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Republicans Appeal Wisconsin Leftist Judge’s Order Changing Absentee Ballot Rules

Voters test how long it takes to receive an absentee ballot
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The judge’s order permits voters with certain disabilities to electronically obtain an absentee ballot.


GOP lawmakers in critical swing-state Wisconsin are appealing a far-left Dane County judge’s decision sidestepping state election law and allowing voters with disabilities to electronically obtain absentee ballots. 

The order also has drawn the concerns of Wisconsin’s Democrat-led Department of Justice, which argues that the electronic distribution of ballots to certain disabled voters presents significant security and logistical challenges. 

Interestingly, the legally suspect order was issued by Judge Everett Mitchell, who took heat years ago for asserting at a public forum that shoplifters who steal from big-box retailers shouldn’t be prosecuted

Tens of Thousands of Voters

Majority Republicans in the legislature last week filed their notice of appeal with the Wisconsin Court of Appeals 2nd District seeking to stop the implementation of Mitchell’s order. 

Late last month, Mitchell sided with plaintiffs, including Disability Rights Wisconsin and the League of Women Voters, in a lawsuit asserting that eligible voters with print-reading disabilities who require assistance must forego their right to a secret ballot under current state law. 

The lawsuit contends that Wisconsin is not currently complying with “myriad accommodation and equal-access requirements under state and federal law … to ensure that voters with disabilities receive the equal protection guaranteed under the Wisconsin Constitution to cast their votes in secret, like Wisconsin voters without disabilities.”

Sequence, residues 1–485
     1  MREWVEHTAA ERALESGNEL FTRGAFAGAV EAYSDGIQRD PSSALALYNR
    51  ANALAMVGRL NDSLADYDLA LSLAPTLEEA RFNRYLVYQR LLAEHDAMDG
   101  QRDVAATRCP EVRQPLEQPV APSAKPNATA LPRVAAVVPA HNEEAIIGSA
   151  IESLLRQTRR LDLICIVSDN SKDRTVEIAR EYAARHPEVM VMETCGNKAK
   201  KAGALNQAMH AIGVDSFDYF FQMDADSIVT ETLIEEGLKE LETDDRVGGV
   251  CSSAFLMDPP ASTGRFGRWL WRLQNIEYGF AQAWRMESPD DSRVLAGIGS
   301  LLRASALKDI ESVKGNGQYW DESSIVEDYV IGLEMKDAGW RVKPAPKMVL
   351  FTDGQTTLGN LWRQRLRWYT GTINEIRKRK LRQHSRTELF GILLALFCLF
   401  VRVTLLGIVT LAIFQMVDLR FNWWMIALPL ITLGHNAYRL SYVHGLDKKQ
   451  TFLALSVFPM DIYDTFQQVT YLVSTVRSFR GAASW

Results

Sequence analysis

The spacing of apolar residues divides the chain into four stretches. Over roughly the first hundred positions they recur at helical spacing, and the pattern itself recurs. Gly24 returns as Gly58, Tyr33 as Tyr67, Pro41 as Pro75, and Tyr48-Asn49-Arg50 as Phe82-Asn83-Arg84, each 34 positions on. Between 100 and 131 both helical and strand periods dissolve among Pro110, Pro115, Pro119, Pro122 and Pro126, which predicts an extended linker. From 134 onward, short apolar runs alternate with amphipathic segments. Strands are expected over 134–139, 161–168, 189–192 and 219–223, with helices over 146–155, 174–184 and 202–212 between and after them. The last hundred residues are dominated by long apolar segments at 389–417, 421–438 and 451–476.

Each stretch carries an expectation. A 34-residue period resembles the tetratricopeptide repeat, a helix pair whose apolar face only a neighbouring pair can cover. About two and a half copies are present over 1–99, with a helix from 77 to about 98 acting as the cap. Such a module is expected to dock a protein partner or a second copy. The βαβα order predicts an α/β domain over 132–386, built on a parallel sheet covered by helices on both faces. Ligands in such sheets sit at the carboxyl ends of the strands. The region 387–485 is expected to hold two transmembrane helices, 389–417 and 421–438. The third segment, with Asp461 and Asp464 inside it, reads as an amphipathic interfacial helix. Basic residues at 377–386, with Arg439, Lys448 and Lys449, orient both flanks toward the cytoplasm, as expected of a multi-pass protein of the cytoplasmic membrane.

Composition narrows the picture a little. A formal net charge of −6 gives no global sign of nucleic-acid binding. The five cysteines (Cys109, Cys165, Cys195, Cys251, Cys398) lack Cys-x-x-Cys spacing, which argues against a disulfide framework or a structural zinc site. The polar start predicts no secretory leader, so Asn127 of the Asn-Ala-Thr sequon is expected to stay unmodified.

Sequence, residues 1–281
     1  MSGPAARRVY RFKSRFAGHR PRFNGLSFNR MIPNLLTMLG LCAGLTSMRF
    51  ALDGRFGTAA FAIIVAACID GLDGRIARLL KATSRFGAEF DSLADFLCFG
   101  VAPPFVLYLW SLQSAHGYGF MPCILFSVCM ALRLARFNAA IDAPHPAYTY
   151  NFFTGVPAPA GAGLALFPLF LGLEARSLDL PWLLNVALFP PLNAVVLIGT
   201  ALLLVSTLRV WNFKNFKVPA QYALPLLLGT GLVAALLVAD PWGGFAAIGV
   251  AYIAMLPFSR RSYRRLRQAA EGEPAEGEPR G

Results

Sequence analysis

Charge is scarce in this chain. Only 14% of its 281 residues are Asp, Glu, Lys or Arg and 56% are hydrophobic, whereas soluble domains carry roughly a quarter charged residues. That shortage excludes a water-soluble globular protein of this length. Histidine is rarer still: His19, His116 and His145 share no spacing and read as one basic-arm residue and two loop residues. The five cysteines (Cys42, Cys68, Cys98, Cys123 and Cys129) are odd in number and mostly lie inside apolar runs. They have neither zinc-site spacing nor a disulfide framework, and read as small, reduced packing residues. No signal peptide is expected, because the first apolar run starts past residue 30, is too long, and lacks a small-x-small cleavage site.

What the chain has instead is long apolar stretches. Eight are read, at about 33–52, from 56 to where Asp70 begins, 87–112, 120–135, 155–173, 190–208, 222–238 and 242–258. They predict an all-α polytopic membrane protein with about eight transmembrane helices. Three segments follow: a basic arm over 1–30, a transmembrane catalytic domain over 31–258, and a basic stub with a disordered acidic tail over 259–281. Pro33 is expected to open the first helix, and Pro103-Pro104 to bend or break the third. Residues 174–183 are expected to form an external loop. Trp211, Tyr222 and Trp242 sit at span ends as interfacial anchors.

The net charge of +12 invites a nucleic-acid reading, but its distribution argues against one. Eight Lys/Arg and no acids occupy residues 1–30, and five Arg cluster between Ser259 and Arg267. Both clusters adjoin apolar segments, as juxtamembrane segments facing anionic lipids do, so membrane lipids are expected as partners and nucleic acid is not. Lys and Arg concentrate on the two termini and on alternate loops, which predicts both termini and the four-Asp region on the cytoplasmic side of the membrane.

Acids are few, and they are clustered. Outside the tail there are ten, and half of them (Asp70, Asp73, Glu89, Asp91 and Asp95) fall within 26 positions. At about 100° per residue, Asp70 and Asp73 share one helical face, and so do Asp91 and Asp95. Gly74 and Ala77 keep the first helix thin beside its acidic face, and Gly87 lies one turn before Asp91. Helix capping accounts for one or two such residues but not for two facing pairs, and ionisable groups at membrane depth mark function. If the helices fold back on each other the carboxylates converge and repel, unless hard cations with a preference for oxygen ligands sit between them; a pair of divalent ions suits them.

The judge’s order permits voters with such disabilities to electronically obtain an absentee ballot. Only military members and those traveling overseas are currently permitted to electronically obtain absentee ballots in Wisconsin. 

Mitchell granted the liberal groups’ motion for emergency declaratory relief and a temporary injunction, enjoining “provisions of the Wisconsin Statutes prohibiting municipal clerks from distributing absentee ballots by email,” the legislature’s notice of appeal states. The judge also ordered the Wisconsin Elections Commission “to facilitate the delivery of emailed ballots to self-certifying print-disabled electors for the November 2024 general election.” And Mitchell “declared that to be accessible, an emailed absentee ballot must be capable of being read and marked by digital assistive technology such as a screen reader.”

The sight-impaired voters would still have to return completed ballots in person or by mail, like all other Badger State absentee voters, according to Mitchell’s order. 

“Nearly 100,000 Wisconsin adults suffer from vision difficulties, according to statistics compiled by state health officials,” The Associated Press reported. 

Changing the Rules

Misha Tseytlin, attorney for the Republican lawmakers, said he forwarded The Federalist’s request for comment to his clients. The lawmakers have not responded. The Associated Press reported that the GOP legislators will argue that the Dane County judge was wrong in granting the temporary injunction in part because Mitchell’s order disrupts election law late in the election year.